Public Drinking Water Systems
Naegleria fowleri has caused deaths associated with using disinfected public drinking water supplies in Australia 1 and Pakistan 2 and an untreated, geothermal well-supplied drinking water system in Arizona 3, and a disinfected public drinking water system in Louisiana. The largest amount of experience in managing Naegleria fowleri-contaminated water supplies is in Australia, which had multiple deaths in four states during the 1970s and 1980s that were linked to swimming or having other nasal exposure to contaminated drinking water. The infections were linked to piping drinking water overland, sometimes for hundreds of kilometers, that resulted in the water being heated and having low disinfectant levels. These conditions allowed the water and pipes to become colonized by Naegleria fowleri. Several water systems in the states of Western Australia and South Australia continue to monitor regularly for Naegleria fowleri colonization in drinking water distribution systems 4. Experience gained in managing Naegleria fowleri contamination of specific water systems has prevented further infections in Australia since that time.
Recommendations for Users of Naegleria fowleri-Contaminated Drinking Water Systems
The recommendations below are intended specifically for people served by a water system that has been determined to be contaminated with Naegleria fowleri. If you have not heard an announcement that your water system is affected by Naegleria fowleri, please follow our general recommendations for prevention.
If Naegleria fowleri is suspected to be in a municipal drinking water system, the water utility may raise disinfectant levels and flush the system to get rid of Naegleria fowleri. There is normally a layer of scum or biofilm in pipes in water systems and homes. If Naegleria fowleri has colonized a water system, it might be found in the biofilm layer. It is possible that raising disinfectant levels could lead to some of that biofilm coming loose in the water system or a household and being flushed through the system or home. As a general precaution, the following recommendations are provided for residents on water systems raising their disinfectant levels and flushing the system. They are adapted from the Western Australia Department of Health's "Amoeba Response Guidelines [PDF - 12 Pages]."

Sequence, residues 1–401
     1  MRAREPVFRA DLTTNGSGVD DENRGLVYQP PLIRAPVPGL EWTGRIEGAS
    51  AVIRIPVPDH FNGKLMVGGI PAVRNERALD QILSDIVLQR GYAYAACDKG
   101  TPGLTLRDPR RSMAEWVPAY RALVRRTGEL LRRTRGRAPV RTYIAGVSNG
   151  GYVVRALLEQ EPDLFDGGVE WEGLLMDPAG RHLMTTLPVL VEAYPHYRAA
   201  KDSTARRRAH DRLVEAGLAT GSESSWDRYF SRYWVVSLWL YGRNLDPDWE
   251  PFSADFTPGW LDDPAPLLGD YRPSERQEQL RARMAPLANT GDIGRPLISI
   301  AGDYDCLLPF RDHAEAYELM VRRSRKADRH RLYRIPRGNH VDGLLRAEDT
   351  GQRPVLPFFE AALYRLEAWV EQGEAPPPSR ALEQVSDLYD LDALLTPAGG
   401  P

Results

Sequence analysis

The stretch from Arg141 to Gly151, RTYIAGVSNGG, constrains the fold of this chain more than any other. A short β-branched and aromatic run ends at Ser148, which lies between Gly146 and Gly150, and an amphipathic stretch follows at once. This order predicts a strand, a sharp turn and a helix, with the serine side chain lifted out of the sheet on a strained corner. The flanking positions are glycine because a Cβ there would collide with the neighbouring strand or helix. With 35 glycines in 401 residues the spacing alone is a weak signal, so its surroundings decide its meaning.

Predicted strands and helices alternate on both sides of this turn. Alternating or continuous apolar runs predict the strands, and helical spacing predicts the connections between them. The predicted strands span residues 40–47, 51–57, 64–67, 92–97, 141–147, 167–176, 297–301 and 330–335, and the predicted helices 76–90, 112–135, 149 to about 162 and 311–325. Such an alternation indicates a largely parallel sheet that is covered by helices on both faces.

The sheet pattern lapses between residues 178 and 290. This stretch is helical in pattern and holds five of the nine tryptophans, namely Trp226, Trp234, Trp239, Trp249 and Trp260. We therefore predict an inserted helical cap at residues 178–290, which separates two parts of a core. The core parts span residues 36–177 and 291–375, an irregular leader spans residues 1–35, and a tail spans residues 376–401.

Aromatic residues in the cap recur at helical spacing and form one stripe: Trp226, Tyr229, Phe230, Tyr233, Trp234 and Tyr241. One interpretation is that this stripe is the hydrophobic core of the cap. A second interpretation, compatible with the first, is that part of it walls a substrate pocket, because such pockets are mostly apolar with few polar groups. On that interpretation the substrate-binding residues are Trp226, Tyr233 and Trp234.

Remember, you cannot be infected with Naegleria fowleri by drinking contaminated water. When water systems have the disinfectant raised, the water may have a strong chemical taste or smell, but your water utility will be working to make sure it still meets drinking water standards.
You cannot get infected from drinking water contaminated with Naegleria. You can only be infected when contaminated water goes up into your nose.
Since Naegleria fowleri infects people when water containing the ameba enters the body through the nose, it is critical to prevent water going up the nose.
- DO NOT allow water to go up your nose or sniff water into your nose when bathing, showering, washing your face, or swimming in small hard plastic/blow-up pools.